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Table types in MySQL: Part 2 – InnoDB Tables

By Ian Gilfillan
on March 22, 2007

Last month we looked at
the HEAP
table type, a table type which runs entirely in memory. This month we look at
setting up the InnoDB table type, the type of most interest to serious users.
The standard MyISAM table type is ideal for website use, where there are many
reads in comparison to writes, and no transactions. Where these conditions do
not apply (and besides websites, they do not apply often in the database
world), the InnoDB table is likely to be the table type of choice. This article
is aimed at users who are familiar with MySQL, but have only used the default MyISAM
table type.

InnoDB Features

  • ACID-compliant

  • Full
    referential integrity

  • Row-level

  • Tables are
    stored in a tablespace (unlike MyISAM tables where each table is a file)

What is an ACID-compliant transaction?

Database requests
(selects, updates or inserts) happen linearly, one after the other. When one
user has a related set of requests, or there are many users working at the same
time, it is important that the results remain consistent. A transaction
is a set of related SQL statements making up one logical whole, for example, a
sales transaction could consist of updates to customer, sales and product
tables. A transaction is said to be committed when it is completed. To
maintain data integrity, there are four conditions which must apply to
transactions, encapsulated by the acronym ACID. These are Atomicity, Consistency, Isolation and Durability. Very briefly, atomicity means that the
whole transaction must complete, and if this is not possible, none of the
individual statements must be carried out.
Consistency refers to the state of
the data, and the rules to ensure this state is maintained. For example, each
invoice may have to relate to a customer. During a transaction, these rules can
be broken (an invoice could be inserted before the customer), but once the
transaction is complete, the consistency must be restored. Isolation means that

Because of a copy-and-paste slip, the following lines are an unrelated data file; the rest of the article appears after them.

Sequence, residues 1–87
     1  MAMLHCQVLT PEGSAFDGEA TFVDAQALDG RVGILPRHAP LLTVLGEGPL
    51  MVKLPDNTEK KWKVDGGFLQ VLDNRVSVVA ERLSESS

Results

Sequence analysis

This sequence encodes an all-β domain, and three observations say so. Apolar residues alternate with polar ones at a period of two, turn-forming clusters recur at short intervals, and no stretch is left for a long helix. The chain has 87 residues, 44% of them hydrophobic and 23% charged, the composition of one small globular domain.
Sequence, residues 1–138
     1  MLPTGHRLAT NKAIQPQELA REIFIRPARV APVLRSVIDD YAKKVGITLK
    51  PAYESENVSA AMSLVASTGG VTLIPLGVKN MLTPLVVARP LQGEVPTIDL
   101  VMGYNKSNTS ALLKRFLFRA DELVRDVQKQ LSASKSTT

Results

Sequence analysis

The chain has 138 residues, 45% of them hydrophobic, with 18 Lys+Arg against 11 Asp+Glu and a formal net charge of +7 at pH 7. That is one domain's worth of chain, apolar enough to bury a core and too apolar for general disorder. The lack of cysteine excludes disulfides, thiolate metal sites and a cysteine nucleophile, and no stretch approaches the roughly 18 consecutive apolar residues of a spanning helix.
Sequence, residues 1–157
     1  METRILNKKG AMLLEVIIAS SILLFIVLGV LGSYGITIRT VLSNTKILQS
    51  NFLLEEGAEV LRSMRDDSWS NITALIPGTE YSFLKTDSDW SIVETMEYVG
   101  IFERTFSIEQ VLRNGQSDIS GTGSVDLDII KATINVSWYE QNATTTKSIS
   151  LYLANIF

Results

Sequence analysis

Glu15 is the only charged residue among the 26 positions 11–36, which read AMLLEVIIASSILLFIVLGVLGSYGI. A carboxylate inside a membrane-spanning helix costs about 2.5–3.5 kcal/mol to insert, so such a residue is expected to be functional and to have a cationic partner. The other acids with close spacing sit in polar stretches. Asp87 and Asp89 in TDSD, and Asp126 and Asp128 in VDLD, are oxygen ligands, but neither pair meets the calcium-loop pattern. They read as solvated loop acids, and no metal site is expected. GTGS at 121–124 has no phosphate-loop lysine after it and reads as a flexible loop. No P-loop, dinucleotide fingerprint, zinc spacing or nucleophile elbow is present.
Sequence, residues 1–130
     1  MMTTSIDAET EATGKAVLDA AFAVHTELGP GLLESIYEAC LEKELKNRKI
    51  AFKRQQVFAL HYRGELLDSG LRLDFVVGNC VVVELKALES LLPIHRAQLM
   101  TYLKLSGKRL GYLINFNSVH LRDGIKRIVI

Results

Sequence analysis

data changed during one transaction cannot be used by another until the first
transaction is complete. Two transactions trying to reduce a bank balance
cannot both work off the same balance (if you had two transactions removing
$100 from a $1000 account, the second must obviously work off a $900 balance,
once the first is complete.) Each transaction works in isolation. Durability
means that once a transaction has been committed, the data remains consistent. Therefore,
if the database crashes in the middle of a transaction, a restore will return
the data to the situation it was in as of the most recently committed
Creating InnoDB tables
Being a more complex
table type, InnoDB tables require slightly more administration savvy than the
default MyISAM tables. InnoDB tables are created in a tablespace, which
is not the same as the MyISAM table, that being simply a file on the filesystem.
Assuming you are running a stable version of MySQL 4 (4.0.15 is the latest at
the time of writing), MySQL automatically creates a file called ibdata1
in the data directory (datadir, usually C:MYSQLdata on Windows
systems, or /usr/local/mysql/data or /usr/local/var on Unix-based
systems). This file begins at 10MB, but is auto-extending, meaning it grows
larger (in 8MB blocks) as your data expands. Early versions of MySQL 4 set the
table to be 64MB, but not auto-extending, meaning when that was full, you would
be unable to add more data).

With all this happening
automatically, all that is left to create an InnoDB table is simply the CREATE
statement. Here is an example:

CREATE TABLE innodb_table1(field1 INT, field2 CHAR(10), INDEX (field1)) 

The syntax is identical
to what you are probably used to, but with the type specified at the end.